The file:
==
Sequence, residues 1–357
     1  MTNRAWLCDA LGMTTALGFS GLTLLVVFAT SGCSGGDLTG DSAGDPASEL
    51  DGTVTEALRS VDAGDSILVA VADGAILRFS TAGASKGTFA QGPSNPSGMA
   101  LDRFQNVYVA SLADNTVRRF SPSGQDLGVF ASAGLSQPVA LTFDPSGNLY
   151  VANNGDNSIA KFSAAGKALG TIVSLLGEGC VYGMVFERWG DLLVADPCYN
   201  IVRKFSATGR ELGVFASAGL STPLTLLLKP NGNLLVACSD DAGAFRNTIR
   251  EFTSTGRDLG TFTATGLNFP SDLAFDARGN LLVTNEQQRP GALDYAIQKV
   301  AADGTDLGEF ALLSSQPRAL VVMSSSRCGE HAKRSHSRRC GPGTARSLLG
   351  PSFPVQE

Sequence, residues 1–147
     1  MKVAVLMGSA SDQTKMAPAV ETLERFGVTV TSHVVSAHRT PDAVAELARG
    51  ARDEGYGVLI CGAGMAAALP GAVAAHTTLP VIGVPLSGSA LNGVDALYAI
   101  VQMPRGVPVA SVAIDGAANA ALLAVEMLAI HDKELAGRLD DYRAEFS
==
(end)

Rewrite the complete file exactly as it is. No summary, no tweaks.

Sequence, residues 1–357
     1  MTNRAWLCDA LGMTTALGFS GLTLLVVFAT SGCSGGDLTG DSAGDPASEL
    51  DGTVTEALRS VDAGDSILVA VADGAILRFS TAGASKGTFA QGPSNPSGMA
   101  LDRFQNVYVA SLADNTVRRF SPSGQDLGVF ASAGLSQPVA LTFDPSGNLY
   151  VANNGDNSIA KFSAAGKALG TIVSLLGEGC VYGMVFERWG DLLVADPCYN
   201  IVRKFSATGR ELGVFASAGL STPLTLLLKP NGNLLVACSD DAGAFRNTIR
   251  EFTSTGRDLG TFTATGLNFP SDLAFDARGN LLVTNEQQRP GALDYAIQKV
   301  AADGTDLGEF ALLSSQPRAL VVMSSSRCGE HAKRSHSRRC GPGTARSLLG
   351  PSFPVQE

Sequence, residues 1–147
     1  MKVAVLMGSA SDQTKMAPAV ETLERFGVTV TSHVVSAHRT PDAVAELARG
    51  ARDEGYGVLI CGAGMAAALP GAVAAHTTLP VIGVPLSGSA LNGVDALYAI
   101  VQMPRGVPVA SVAIDGAANA ALLAVEMLAI HDKELAGRLD DYRAEFS